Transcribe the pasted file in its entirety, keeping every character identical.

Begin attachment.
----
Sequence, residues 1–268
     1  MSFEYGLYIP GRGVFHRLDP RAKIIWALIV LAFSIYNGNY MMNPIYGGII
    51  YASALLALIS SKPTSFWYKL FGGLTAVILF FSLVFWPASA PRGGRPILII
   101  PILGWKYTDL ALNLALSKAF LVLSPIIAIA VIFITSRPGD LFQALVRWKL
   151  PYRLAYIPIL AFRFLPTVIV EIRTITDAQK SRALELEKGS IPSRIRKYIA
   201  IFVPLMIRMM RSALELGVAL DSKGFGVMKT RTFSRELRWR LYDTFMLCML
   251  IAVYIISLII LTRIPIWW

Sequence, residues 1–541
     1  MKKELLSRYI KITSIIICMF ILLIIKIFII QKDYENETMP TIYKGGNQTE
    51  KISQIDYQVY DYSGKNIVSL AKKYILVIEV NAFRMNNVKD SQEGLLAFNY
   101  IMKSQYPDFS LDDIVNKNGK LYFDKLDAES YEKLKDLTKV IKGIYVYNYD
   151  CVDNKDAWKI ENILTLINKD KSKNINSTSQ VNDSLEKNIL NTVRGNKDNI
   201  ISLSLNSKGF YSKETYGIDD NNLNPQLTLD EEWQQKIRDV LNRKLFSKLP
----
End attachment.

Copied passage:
Sequence, residues 1–268
     1  MSFEYGLYIP GRGVFHRLDP RAKIIWALIV LAFSIYNGNY MMNPIYGGII
    51  YASALLALIS SKPTSFWYKL FGGLTAVILF FSLVFWPASA PRGGRPILII
   101  PILGWKYTDL ALNLALSKAF LVLSPIIAIA VIFITSRPGD LFQALVRWKL
   151  PYRLAYIPIL AFRFLPTVIV EIRTITDAQK SRALELEKGS IPSRIRKYIA
   201  IFVPLMIRMM RSALELGVAL DSKGFGVMKT RTFSRELRWR LYDTFMLCML
   251  IAVYIISLII LTRIPIWW

Sequence, residues 1–541
     1  MKKELLSRYI KITSIIICMF ILLIIKIFII QKDYENETMP TIYKGGNQTE
    51  KISQIDYQVY DYSGKNIVSL AKKYILVIEV NAFRMNNVKD SQEGLLAFNY
   101  IMKSQYPDFS LDDIVNKNGK LYFDKLDAES YEKLKDLTKV IKGIYVYNYD
   151  CVDNKDAWKI ENILTLINKD KSKNINSTSQ VNDSLEKNIL NTVRGNKDNI
   201  ISLSLNSKGF YSKETYGIDD NNLNPQLTLD EEWQQKIRDV LNRKLFSKLP